and tidy. When he came back to the
castle they were goiV. But no breaking
of baeks and no sending of the boy. This
was strange Indeed.
'Then, fugleman." I said, "Mathow
Humble sent a lying message, meaning
What he designed I nnderstood hi two
nr three days iiut for the time I could
july think that he wished to open again
the question 01" his suit. Yet, why had
Nan borrowed my cardinal aud my gloves?
On the way back I looked into Nan's
Cottage. The dour was open, but there
was no one in the house. '
I went home, little thinking what a
narrow escape was mine. Had i known
but had I known .J should have been
divided between gratitude to heaven and
admiration of brave old Nan, and deteata
UtM of the greatest villain in England. '
p CHAPTER 3L ' r ,
v ) tAILOR S.iS'-WB. T. '
The nlglit was cold and raw, with a
northeast wind which brought occasional
showers of aieet. There was no moon
The street, at the old woman walked up
to the enstk'. v.-aa quite deserted, all the
women and girls being seated at home
about bright coal fires, knitting, sewing,
and stunning, while all the men were at
the ale honse, telling stories or listening
to them, an occupation of which the male
sex is never wearied, especially when beer
or rumbu, with tobaeco, accompanies the
Nan climbed up the castle hill, and.
passing through the mined gate, began to
pick her way slowly among the stones and
heaps of rubbish lying about in the castle
yard. The fight of the fire in the fugle
man's chamber was her guide, and ;
knew very well that just beside the door
of that room would bf lurking Strong
l)an. with intent to seize her by the waist
and earn- her off. Perhaps he designed to
carry her in his arms all, the way to the
Dorder. "This thought jileased her very
much. Dun was quite able to do it. and
the distance isonly thirty-live miles or so.
It pleased her to think of such a ride in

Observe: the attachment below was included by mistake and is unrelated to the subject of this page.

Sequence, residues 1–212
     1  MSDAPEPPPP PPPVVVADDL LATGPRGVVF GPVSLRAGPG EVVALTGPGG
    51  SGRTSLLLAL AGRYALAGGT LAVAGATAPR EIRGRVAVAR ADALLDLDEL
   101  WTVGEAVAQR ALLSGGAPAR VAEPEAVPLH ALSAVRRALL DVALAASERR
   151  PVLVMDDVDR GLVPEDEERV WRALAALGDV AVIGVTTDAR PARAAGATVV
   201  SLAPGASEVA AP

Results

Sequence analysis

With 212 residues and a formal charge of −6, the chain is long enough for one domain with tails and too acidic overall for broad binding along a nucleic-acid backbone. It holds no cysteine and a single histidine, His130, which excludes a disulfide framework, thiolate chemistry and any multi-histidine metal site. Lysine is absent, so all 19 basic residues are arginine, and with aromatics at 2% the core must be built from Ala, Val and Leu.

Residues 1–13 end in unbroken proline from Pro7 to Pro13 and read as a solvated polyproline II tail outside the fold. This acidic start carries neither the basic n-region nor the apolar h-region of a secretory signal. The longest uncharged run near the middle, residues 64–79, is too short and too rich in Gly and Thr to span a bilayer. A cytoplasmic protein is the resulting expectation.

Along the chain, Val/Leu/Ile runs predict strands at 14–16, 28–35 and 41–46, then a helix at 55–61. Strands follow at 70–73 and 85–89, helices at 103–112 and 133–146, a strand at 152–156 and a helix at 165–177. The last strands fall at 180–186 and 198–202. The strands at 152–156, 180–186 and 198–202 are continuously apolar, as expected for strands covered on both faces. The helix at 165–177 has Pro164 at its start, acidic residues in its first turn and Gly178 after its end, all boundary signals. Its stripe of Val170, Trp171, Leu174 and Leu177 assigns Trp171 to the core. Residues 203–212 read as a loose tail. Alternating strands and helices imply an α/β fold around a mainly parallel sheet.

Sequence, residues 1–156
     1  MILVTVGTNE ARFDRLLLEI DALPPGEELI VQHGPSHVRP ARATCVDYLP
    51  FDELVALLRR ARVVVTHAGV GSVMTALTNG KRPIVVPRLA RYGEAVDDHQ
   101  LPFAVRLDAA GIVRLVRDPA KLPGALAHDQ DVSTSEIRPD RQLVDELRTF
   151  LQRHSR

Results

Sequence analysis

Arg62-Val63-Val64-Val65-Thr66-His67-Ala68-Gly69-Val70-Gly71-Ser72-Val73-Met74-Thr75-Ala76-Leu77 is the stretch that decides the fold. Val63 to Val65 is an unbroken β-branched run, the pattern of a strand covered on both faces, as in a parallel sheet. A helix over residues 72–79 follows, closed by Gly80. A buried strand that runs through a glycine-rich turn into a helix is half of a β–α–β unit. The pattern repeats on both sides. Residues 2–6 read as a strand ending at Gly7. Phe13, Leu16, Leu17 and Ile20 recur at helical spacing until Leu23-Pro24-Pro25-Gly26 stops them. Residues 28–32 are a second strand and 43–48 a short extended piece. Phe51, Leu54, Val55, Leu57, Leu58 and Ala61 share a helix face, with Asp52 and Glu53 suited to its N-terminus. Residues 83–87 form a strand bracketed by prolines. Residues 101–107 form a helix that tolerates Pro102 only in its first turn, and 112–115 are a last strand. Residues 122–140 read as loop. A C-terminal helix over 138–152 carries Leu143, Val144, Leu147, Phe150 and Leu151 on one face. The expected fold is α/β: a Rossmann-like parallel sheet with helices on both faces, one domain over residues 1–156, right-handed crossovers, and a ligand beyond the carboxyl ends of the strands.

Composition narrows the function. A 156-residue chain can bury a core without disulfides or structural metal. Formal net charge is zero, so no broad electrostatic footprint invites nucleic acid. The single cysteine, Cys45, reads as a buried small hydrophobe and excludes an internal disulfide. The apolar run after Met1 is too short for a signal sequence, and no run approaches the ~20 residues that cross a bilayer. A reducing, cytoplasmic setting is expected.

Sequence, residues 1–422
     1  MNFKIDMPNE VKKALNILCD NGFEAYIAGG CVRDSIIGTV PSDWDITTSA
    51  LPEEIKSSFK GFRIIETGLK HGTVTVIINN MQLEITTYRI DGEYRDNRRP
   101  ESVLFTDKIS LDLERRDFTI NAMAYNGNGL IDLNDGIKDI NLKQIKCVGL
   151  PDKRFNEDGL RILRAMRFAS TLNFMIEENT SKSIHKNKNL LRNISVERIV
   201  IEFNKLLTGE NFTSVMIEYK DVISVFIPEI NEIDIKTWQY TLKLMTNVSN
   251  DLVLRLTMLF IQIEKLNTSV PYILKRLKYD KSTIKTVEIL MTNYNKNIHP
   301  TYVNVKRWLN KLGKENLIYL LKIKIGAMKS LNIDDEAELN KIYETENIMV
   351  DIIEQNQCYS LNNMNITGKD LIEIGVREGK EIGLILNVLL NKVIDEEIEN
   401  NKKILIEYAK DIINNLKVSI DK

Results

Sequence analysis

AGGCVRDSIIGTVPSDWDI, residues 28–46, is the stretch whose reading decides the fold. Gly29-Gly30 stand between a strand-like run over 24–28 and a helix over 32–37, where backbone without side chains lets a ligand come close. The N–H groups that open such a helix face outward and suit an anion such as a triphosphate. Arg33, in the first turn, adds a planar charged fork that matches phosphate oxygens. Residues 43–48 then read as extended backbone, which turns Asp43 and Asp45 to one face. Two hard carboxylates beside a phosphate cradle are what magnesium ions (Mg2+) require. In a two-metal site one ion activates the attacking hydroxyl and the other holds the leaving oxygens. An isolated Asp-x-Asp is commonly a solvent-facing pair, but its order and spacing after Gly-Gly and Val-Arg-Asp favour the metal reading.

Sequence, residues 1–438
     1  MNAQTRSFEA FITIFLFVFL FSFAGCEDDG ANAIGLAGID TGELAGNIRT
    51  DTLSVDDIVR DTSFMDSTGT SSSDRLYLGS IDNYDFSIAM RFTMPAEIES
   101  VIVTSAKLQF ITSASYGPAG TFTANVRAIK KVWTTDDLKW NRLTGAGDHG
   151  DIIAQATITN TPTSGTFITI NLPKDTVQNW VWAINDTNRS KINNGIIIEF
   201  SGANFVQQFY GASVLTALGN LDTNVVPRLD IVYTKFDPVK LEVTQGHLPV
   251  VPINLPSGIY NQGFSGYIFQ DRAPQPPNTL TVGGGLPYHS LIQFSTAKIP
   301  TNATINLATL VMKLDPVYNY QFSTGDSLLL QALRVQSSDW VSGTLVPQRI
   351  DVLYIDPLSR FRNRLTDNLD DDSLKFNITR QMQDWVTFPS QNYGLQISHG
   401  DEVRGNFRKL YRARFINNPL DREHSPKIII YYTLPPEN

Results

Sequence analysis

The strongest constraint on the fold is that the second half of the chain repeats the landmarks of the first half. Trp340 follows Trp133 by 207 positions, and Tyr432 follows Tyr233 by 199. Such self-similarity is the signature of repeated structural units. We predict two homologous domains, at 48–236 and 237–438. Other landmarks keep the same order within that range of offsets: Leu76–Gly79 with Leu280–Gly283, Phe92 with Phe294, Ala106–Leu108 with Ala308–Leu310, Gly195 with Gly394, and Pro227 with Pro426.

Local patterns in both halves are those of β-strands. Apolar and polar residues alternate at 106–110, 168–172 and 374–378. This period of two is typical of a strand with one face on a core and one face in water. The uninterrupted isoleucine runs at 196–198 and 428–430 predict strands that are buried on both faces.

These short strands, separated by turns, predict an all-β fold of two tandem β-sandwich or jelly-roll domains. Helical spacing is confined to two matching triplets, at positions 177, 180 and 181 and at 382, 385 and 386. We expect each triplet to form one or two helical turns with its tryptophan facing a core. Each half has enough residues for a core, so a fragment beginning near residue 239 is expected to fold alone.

the Srutig Man's arms, and how tired he
would l at t lie end. : - .
'. Accordingly, when she drew neaf the
door she went very slowly, aud was not
in the least surprised when, as she r.ood
in the lire light, the man stepped from
some hiding plai-e at )iand, caught her bf
the waist, and tossed her lightly over If f
shoulder, making no more account of her
weight than If she had been a mere bag of
meal.- ; ,
"Now, mistress," he said, "struggle
and kick as much as you like. It don't
hurt mo."
She cheerfully acceded to this request, 1
and began so vigorous a drumming upon
his ribs that, had they not been tougher
than the hoops of the stoutest cask, they
mti3t have been broken, every one. As it
was, he was surprised, and perhaps bruised
a little, but not hurt. Ho had not, thought
that a young girl like myself had such
power in her heels.
- 'Go on." he said; "you're a strong 'un,
and I like you bet;..-r for, it. Kick away,
but don't try screaming, because if yon
do I shall have to tie yonr pretty head in
a' bag Master Mathew'g orders, not my
wish. Busbies, what s the use of pretend
ing. when there's nobody here but you
and me, bless your pretty eyesl I know
all about it. and here's a honor for you to
be carried off, nothing less, by your own
man. Why, -there isn't another woman
in Warkworth that be'd take so much
trouble for , Think ujsin that! Now, then,
miss, another kick, or a down, if you like.
Ah, you can kick, you can. You're a wife
worth having A kripy man he'll be.
Lord, it would, take the breath out 0'